Training over time can also increase most people’s total lung capacity, which is the volume of air in the lungs after an inhale, Frédéric Lemaître, who studies the physiology of freediving at the Université de Rouen, tells Inverse. Lungs contain some amount of air that the breather can’t access, called “residual volume.” Strengthening respiratory muscles helps reduce that residual volume while also increasing the total lung capacity. That allows freedivers to carry and access more air to stay underwater longer.
“Almost any persistent person who decides to train regularly for a certain period of time can become an elite freediver”
Still, even at the advanced level, freediving is more of a psychological challenge than a physical one. “Almost any persistent person who decides to train regularly for a certain period of time can become an elite freediver,” national Croatian freediving coach and apnea researcher Ivan Drvis told Inverse in an email.
Past the psychological level, things can start to get dangerous. The urge to breathe and the diaphragm contractions typically force the body to inhale long before there’s a real problem. Ignoring those warning signals makes the person susceptible to low oxygen, also known as hypoxia, which can lead to a blackout. To further complicate things, just before blacking out, that extremely uncomfortable, suffocating feeling goes away. This sudden lack of discomfort can lead to what some freedivers describe as a “euphoric feeling” that can make it hard to respond appropriately in dangerous situations. “Freediving should be this thing where the beginning of the dive is easy, and then it's work,” says Fazah. “If you get back into easy, that's where it becomes problematic.”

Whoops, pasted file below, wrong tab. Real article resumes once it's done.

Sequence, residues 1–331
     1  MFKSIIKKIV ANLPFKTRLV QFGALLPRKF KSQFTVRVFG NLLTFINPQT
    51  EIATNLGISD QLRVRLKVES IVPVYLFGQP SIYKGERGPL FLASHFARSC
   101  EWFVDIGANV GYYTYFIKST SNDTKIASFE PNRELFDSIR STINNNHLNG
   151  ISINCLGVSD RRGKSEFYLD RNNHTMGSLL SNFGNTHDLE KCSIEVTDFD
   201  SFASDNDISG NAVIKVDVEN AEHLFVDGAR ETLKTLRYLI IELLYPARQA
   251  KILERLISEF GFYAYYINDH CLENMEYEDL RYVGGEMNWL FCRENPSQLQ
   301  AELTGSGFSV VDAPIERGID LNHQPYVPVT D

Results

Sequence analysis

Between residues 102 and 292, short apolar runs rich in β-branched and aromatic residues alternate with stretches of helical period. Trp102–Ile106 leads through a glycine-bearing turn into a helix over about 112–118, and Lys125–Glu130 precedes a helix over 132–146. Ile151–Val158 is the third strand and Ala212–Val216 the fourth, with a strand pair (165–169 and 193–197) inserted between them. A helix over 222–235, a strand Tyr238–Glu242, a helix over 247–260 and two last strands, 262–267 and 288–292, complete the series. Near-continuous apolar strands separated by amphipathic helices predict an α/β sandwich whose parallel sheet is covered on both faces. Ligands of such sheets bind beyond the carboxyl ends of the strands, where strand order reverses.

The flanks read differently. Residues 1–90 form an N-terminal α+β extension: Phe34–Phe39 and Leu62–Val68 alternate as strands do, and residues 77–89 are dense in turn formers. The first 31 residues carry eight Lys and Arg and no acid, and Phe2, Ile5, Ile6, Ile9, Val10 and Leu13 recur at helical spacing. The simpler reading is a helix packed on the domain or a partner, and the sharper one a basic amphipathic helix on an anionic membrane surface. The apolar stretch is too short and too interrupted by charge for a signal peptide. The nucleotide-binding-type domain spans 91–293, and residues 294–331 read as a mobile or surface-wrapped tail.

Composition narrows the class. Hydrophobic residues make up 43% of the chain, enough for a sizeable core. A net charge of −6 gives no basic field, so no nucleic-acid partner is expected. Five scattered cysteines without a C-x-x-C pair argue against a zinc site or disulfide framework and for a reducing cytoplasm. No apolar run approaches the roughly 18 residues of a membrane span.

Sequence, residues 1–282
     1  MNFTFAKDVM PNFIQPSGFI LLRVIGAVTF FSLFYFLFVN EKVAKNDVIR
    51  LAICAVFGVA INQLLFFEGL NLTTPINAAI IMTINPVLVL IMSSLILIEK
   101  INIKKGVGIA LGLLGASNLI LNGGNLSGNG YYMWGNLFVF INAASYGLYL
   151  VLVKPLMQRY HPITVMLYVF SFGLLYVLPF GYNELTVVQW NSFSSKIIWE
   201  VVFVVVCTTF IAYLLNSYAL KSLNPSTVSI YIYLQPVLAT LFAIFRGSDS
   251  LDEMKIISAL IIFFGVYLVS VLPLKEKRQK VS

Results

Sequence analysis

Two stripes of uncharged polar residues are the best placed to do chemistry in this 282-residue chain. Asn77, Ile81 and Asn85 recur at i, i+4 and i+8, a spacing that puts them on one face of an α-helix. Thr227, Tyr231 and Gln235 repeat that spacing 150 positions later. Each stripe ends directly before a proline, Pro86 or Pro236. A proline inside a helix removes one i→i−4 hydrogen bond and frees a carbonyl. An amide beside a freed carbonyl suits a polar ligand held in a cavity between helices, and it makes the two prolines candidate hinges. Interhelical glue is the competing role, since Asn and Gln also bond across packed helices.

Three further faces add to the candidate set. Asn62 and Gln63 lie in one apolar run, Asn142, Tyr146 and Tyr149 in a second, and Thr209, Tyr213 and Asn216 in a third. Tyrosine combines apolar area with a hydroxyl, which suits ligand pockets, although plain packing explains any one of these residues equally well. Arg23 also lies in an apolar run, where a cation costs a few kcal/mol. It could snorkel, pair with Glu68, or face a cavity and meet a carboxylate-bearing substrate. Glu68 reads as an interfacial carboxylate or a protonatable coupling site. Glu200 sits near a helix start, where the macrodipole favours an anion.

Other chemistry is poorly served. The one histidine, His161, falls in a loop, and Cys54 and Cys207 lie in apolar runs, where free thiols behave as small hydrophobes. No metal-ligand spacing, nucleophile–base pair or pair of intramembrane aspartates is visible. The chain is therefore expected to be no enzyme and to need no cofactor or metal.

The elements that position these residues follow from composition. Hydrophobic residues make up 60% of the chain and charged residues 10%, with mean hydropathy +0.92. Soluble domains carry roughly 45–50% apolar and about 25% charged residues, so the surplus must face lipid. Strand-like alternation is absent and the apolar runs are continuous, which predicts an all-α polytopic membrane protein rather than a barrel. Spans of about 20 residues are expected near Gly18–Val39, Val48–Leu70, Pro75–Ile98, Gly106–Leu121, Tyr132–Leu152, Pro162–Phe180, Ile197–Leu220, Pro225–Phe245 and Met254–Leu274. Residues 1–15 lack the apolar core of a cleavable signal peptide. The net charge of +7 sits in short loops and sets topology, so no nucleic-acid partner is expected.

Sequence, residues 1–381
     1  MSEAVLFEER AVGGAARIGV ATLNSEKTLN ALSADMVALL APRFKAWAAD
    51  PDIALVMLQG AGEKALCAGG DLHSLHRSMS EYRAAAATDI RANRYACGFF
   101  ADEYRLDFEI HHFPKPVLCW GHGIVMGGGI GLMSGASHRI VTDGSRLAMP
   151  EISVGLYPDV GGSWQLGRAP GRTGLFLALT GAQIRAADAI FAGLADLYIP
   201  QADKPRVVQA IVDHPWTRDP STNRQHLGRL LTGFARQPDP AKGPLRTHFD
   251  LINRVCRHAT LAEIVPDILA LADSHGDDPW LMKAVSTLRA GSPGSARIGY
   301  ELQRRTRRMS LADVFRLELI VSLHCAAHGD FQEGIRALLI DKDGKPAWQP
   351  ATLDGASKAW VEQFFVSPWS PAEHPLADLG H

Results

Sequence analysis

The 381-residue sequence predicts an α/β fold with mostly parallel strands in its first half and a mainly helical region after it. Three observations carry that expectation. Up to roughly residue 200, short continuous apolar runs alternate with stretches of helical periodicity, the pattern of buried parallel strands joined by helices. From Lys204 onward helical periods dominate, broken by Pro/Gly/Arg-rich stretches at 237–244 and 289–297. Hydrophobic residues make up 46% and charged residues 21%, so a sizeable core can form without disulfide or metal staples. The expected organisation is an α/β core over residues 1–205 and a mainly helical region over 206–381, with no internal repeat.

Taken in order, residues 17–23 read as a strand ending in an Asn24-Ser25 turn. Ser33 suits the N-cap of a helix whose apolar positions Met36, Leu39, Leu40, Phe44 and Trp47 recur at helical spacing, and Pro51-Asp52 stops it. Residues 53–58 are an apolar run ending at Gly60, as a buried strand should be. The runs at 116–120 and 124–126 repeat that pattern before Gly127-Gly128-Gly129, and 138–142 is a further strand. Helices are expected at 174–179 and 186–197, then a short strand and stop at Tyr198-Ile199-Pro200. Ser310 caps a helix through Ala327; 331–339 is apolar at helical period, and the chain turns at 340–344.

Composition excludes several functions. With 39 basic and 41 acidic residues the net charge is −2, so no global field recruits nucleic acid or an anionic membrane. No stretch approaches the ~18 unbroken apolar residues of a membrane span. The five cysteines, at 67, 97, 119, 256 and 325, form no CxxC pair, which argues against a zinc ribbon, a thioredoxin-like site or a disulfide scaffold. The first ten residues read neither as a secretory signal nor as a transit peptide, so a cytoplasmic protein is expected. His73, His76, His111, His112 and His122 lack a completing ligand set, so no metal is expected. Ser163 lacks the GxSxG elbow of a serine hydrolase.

That’s why experts emphasize that it’s extremely important to always train with a partner. It’s also why hyperventilating before a breath-hold is a bad idea, even though it feels like you’re filling your lungs in a helpful way. In reality, rapid shallow breathing decreases CO2 levels. While that will reduce discomfort, it also means oxygen will be your limiting factor instead of CO2 — and that’s much more dangerous.
A safer way around the discomfort of carbon dioxide buildup is to breathe pure oxygen or a nitrogen-oxygen mixture (nitrox) from a tank, which provides additional oxygen for the dive. That method — called technical freediving — is what Krack used with the Avatar cast and crew. Between takes, the actor would breathe on nitrox while Cameron gave notes for the upcoming shot. Then, when the actor was ready, a countdown clock began. As many as 300 people in the film crew waited for the actor to complete a “breathe-up” — a few minutes of slow, calm breathing to prepare for the breath-hold. Once they dove, shots could last two minutes or more in giant water tanks reaching depths of 30 feet.
Given the training and the hit of nitrox, Lemâitre was not incredibly impressed with Winslet’s seven minutes underwater. (I’m still impressed.) If you want to try your hand at the Metkayina way, experts say it’s extremely important to train with professional guidance for safety reasons. Luckily, there are plenty of local freediving courses around, so you too can swim with the tulkuns — if only they existed.